December 2019

December is upon us. It is a fitting time to look back at what 2019 has brought us.

On 26 Nov 2019, we launched the Singapore Arbitration Journal, a joint initiative with the Singapore Academy of Law. Members will all receive complimentary copies. I would like to congratulate the General Editor Mohan Pillay, Editor Chan Leng Sun SC and Publishing Editor Yeo Boon Tat for seeing this vision through from conception to delivery. We are also very grateful to the advisory board of VK Rajah SC, Toby Landau QC, Loretta Malintoppi and Prof Lawrence Boo for taking time to guide us. Not to be forgotten are the invaluable team of Assistant Editors, Ramandeep Kaur, Matthew Koh, Janice Lee, Mahesh Rai, Tan Hai Song, Benjamin Tham, and Derric Yeoh. The aspiration behind the journal was to produce a world class platform for thought leadership on global arbitration issues yet with a Singapore focus. I believe we have achieved that with this first issue and work is already underway to continue this. I hope the journal inspires you to consider making future contributions.

This year we also launched the SIArb Annual Lecture. We were very privileged to have Toby Landau QC with us to speak on “Arbitral Groundhog Day: The Problem of Repeat Claims and Issues in Arbitration”. I understand that Toby will be publishing a paper on this in the next edition of the Singapore Arbitration Journal so we look forward to that.

7 August 2019 will be a day etched forever in our memories. The Singapore Mediation Convention progressed from a dream to reality. Singapore now offers a tripartite solution for dispute resolution through International Arbitration, Mediation and the SICC. Some may be concerned about competition from within. I however believe these 3 offerings complement each other and provide end users a choice which hopefully leads them to Singapore. Competition if any can only be good as we strive to constantly improve and innovate.

The Queen Mary survey results on International Arbitration was released in March this year. Congratulations are in order for SIAC who were ranked the 3rd most preferred arbitral institution in the world. Singapore was ranked the third most preferred seat in the world and the top seat in Asia. The Singapore brand of arbitration excellence is certainly making its mark and we at SIArb must also play our part in ensuring its continued success. One issue that we will continue to raise is ethics in international arbitration. This is the subject of a paper by Michael Hwang SC and Adriana Uson in the journal and I urge you all to reflect on the issues and proposals made. We had kicked off 2019 with a panel session chaired by Leng Sun on the issue of ethics and got to hear views from VK Rajah, Gary Born, Michael Hwang and Professor Lucy Reed. I believe that ethics is the foundation for legal practice. If we lose focus on ethics, we are at risk of losing our status as professionals. The lack of a consistent and uniform enforceable ethical standard is a concern we must pay attention to. SIArb remains committed to widening this conversation.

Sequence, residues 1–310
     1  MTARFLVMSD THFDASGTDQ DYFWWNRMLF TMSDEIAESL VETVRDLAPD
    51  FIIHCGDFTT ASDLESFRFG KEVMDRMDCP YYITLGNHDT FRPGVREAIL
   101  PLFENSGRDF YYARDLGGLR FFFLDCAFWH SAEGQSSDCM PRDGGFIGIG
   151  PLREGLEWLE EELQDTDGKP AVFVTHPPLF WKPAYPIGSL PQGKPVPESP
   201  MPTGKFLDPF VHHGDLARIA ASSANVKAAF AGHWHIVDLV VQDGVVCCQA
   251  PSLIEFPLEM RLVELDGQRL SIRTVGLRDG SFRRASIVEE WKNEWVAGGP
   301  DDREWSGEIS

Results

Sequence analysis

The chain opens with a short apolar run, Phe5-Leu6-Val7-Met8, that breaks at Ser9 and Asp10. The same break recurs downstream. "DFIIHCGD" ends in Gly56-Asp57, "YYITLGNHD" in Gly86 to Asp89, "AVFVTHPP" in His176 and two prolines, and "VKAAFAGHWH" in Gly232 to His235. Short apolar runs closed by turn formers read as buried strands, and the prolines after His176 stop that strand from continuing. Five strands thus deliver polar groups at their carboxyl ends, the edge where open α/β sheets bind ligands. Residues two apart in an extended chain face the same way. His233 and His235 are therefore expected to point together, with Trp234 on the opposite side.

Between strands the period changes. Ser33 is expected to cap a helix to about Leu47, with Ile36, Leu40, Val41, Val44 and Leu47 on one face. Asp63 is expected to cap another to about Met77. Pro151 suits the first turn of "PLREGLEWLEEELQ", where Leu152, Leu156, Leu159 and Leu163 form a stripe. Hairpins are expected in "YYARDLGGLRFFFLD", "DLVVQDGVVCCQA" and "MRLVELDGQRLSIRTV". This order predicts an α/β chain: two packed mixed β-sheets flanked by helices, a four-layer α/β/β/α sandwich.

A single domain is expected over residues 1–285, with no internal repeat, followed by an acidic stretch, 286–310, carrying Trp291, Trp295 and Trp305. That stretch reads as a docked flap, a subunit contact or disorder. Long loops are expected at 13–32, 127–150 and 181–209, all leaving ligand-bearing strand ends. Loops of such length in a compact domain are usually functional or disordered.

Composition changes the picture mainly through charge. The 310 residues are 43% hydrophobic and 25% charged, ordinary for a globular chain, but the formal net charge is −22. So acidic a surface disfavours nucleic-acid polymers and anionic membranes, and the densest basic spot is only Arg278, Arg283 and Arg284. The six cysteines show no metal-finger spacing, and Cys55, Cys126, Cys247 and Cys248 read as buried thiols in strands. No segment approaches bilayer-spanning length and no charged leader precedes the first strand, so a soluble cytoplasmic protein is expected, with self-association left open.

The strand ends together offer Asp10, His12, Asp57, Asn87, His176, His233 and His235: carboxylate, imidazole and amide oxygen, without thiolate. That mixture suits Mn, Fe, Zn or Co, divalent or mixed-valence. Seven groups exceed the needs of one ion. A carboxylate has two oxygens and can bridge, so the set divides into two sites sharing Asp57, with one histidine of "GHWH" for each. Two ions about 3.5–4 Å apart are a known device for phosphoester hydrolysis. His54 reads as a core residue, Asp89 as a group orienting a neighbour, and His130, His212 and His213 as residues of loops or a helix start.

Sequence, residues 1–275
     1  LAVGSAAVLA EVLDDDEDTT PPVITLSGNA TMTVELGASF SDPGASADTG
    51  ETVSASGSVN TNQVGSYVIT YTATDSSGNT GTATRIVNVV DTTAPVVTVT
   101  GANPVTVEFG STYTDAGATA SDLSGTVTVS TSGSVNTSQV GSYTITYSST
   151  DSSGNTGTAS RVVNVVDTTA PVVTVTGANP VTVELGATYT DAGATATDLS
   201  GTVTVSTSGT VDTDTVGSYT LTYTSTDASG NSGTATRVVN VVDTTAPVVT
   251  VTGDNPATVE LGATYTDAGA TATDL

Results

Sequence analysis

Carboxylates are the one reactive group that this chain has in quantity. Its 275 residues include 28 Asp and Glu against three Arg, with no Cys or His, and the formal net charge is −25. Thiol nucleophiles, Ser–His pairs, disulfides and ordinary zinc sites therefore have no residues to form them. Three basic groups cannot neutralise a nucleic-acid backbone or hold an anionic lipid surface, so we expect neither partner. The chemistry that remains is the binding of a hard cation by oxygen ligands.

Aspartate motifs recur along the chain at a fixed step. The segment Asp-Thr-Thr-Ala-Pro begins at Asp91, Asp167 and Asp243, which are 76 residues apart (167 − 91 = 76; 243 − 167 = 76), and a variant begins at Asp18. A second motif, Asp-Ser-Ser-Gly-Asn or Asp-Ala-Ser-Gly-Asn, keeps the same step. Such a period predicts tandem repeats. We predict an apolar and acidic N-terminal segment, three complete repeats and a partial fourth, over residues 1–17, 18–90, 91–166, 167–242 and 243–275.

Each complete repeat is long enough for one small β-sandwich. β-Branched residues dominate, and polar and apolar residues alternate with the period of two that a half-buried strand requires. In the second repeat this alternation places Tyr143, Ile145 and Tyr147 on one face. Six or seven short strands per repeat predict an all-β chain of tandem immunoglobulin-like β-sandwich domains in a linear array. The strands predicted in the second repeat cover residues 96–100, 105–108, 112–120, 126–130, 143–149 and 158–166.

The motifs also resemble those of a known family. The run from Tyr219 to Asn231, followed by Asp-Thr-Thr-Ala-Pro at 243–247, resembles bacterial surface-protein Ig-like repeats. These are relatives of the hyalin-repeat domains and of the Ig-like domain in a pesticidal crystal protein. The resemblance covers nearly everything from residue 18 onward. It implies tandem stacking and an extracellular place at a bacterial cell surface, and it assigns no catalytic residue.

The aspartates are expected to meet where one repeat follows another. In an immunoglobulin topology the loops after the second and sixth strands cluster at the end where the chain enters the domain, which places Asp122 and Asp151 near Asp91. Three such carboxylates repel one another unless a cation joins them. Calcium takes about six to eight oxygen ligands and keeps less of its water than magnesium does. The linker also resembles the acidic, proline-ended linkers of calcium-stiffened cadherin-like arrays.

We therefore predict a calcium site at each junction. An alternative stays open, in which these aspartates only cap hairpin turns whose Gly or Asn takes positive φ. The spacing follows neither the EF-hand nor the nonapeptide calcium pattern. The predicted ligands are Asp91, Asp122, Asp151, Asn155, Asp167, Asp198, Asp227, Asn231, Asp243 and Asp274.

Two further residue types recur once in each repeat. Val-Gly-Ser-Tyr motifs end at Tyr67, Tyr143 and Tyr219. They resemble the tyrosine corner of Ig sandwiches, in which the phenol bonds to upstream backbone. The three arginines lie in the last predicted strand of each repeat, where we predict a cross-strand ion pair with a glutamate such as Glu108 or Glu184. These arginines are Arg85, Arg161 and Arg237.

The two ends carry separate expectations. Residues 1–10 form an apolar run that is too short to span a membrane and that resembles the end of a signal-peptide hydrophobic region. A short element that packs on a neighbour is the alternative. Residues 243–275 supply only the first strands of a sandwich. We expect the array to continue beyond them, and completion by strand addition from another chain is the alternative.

It remains for me to congratulate our Council members and Committee chairs for all the excellent work they have done. I wish all members a blessed Christmas and a Happy New Year!

Dinesh Dhillon
SIArb 2017-2021

KCIn each issue of our newsletter, we interview an SIArb member to get their views on the alternative dispute resolution scene in Singapore,  and to obtain some insight into what makes them tick.

In this issue, we interview Mag. Ralph Kilches.

You are the founder of the law firm Kilches Legal in Vienna, Austria. Could you please give a brief overview of your career and introduce your law firm?
I studied law and some semesters translation sciences (English/French) at the University of Graz. Beside my studies I worked as freelancer journalist for IDG Computer World (Vi-enna). After I completed my legal degree (one semester over minimum time) I had to spent a year at the court working as an assistant for the judge. During that year I wrote a commentary on European VAT Tax Law. In 1999, I joined Freshfields in Vienna as an as-sociate. I became author of a regular column in one of the leading tax journals (Fi-nanzjournal). I held seminars on E Commerce Law, Copyright Law and also Competition Law and I gave lectures on tax law issues at the Academy of Chartered Accountants. I changed from Freshfields to Schönherr in Vienna, another major law firm. Later I changed to a smaller lawfirm, passed the bar exam and founded finally in 2005 my own law firm. I operated in diverse cooperations. In 2006, I was lucky being the leading counsel of an ICC arbitration case in the electricity industry. This case ran over several years and we were quite successful. I joined diverse arbitration organisations and institutions, attended lectures seminars and courses on diverse international law topics (also Model Contract Course of AIPN); wrote several papers and continued to hold courses. In 2009, I got my first ap-pointment as Sole Arbitrator by ICC. Since 2010, I have participated in the VIS Moot as an arbitrator, since 2011 also in the VIS East. I was interested to see the interaction of civil law and common law in Asia. In 2011, I was appointed by ICC Austria as delegate to the Commission on Arbitration. From 2010 onwards, my law firm has been growing in num-bers of employees, cooperations, etc. In 2016, I passed the CIArb course (accelerated route) and became Fellow of CIArb. This further helped to grow my professional network. I serve clients with commodity trading disputes mainly in the steel industry and with bio food. Also, agency contracts, joint ventures and mining contracts are important areas of my work. 60% of my work is state court litigation from construction cases, real estate to labor law, intellectual property, competition law and also shareholder disputes. I deal rarely with criminal law cases. We have an established practice of administrative law, constitu-tional law and human rights. We have a core of permanent clients, cases covered by legal costs insurance and project consulting work involving hotels, banks, software development and mining.